Many important macroscopic properties of metallic materials are highly sensitive to the microstructure. Critical mechanical properties, like tensile strength or elongation, as well as other thermal or electrical properties, are directly related to the microstructure. The understanding of the relationship between the microstructure and macroscopic properties plays a key role in the development and manufacture of materials and is the ultimate aim of metallography.
Metallography, as we know it today, owes much to the contribution of the 19th century scientist Henry Clifton Sorby. His pioneering work with modern manufactured iron and steel in Sheffield (UK) highlighted this intimate bond between the microstructure and macroscopic properties. As he stated towards the end of his life: "In those early days, if a railway accident had occurred and I had suggested that the company should take up a rail and have it examined with the microscope, I would have been looked upon as a fit man to send to an asylum. But that is what is now being done ..."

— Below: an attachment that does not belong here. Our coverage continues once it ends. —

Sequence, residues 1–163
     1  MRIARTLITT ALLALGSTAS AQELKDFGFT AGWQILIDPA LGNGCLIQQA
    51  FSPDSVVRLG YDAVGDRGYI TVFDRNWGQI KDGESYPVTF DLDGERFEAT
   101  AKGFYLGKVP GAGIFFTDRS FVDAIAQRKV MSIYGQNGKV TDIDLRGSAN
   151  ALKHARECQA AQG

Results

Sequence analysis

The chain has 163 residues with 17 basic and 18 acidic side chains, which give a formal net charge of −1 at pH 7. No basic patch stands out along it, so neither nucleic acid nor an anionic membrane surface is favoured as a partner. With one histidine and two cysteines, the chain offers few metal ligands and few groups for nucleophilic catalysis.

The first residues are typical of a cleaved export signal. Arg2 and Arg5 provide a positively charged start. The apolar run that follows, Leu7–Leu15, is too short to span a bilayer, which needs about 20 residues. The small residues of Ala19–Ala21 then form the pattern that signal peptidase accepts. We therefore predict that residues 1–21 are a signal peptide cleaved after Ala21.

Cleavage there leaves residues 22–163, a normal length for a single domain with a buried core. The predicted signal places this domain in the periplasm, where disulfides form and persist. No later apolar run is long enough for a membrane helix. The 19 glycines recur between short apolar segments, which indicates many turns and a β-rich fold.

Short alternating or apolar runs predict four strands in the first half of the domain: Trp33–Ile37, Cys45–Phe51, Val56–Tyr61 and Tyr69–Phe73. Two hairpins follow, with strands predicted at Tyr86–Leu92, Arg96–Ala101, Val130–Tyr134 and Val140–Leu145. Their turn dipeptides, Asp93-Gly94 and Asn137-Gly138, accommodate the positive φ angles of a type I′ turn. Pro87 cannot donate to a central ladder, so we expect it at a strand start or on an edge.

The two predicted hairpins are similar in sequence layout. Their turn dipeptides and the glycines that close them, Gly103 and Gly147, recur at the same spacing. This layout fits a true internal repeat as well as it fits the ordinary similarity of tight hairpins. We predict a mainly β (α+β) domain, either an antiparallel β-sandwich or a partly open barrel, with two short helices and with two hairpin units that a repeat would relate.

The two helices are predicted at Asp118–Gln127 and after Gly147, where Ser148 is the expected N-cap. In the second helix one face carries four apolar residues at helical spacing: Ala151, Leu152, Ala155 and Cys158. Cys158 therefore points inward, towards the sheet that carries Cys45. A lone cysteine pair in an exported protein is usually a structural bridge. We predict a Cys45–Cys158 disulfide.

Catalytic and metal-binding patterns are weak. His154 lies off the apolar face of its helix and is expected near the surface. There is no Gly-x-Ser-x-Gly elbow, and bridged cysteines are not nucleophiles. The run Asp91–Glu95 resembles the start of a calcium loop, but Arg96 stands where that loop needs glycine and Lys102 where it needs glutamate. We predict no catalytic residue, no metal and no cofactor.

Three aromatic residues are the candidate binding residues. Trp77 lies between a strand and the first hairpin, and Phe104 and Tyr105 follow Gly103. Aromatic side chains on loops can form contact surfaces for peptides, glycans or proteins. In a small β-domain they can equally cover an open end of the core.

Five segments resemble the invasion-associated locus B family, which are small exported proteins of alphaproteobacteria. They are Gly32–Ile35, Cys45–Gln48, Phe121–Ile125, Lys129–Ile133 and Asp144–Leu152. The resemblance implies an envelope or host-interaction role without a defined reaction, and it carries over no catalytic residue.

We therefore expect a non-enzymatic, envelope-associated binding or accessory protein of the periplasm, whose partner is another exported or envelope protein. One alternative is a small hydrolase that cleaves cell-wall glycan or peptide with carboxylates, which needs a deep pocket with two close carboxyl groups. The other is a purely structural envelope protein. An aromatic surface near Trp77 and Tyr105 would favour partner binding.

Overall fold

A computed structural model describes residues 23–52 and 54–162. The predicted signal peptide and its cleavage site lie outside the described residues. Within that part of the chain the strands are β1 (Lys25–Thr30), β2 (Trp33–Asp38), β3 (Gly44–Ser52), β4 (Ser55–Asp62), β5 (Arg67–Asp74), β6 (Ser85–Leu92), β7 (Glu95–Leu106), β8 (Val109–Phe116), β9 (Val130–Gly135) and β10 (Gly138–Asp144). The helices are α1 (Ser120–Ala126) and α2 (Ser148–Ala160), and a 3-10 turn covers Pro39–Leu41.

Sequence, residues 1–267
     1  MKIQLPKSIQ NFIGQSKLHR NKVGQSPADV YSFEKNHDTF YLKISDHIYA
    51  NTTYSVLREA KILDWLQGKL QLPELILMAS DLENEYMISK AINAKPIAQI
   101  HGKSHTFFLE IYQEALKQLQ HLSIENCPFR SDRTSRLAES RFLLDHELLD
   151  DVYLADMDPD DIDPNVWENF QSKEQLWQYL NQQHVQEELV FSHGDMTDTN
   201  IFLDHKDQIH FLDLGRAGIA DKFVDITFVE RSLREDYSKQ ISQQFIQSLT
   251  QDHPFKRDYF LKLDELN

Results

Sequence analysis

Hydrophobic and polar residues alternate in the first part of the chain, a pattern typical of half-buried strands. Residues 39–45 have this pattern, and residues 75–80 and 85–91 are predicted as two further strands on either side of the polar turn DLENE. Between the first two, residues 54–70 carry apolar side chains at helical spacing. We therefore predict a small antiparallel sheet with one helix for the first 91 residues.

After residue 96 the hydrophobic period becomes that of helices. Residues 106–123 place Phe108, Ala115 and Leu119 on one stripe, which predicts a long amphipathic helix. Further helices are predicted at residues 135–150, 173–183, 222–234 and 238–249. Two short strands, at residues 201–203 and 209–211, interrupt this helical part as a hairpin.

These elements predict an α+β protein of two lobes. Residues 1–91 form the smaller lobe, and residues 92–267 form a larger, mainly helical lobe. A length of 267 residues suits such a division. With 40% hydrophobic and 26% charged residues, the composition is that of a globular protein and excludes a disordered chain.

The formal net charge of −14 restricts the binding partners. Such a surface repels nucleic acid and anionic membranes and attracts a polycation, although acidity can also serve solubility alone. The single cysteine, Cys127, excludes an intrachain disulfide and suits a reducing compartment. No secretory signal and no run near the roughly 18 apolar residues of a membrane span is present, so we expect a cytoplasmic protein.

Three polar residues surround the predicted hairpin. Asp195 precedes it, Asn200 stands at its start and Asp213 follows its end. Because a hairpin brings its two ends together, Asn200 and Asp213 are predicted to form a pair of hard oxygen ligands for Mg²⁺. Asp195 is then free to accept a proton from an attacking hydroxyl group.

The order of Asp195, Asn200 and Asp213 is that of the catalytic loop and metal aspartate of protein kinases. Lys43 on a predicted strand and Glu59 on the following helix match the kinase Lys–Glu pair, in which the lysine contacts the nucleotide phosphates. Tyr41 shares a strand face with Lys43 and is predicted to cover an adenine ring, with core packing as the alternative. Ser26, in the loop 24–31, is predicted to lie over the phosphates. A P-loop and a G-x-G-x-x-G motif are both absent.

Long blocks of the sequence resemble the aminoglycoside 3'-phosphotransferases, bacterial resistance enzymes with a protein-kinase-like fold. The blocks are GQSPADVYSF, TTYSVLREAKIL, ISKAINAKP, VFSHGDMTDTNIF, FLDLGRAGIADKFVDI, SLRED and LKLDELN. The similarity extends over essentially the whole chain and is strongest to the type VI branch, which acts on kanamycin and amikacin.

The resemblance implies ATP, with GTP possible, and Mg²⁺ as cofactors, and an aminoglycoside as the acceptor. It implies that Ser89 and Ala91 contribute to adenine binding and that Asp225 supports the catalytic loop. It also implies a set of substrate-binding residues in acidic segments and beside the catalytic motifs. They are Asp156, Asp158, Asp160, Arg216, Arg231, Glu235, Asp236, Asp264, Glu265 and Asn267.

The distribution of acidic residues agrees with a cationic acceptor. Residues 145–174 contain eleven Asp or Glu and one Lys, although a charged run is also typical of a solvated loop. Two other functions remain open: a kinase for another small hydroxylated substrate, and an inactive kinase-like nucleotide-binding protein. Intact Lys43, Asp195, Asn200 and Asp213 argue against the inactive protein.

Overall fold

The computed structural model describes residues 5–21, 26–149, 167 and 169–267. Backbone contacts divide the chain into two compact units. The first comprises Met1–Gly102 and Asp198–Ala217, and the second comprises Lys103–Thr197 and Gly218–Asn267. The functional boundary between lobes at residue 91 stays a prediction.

Old but vital
Together with new developments in microscopy technology and, more recently, with the aid of computing, metallography has been an invaluable tool for the advancement of science and industry over the last hundred years.
Some of the earliest correlations between microstructure and macroscopic properties established in metallography using light microscopes include:
- A general increase in yield strength and hardness with decreasing grain size
- Anisotropic mechanical properties with elongated grains and/or preferred grain orientations
- A general tendency of decreased ductility with increasing inclusion content
- A direct influence of inclusion content and distribution on fatigue crack growth rates (metals) and fracture toughness parameters (ceramics)
- The association of failure initiation sites with material discontinuities or microstructural features, such as second-phase particles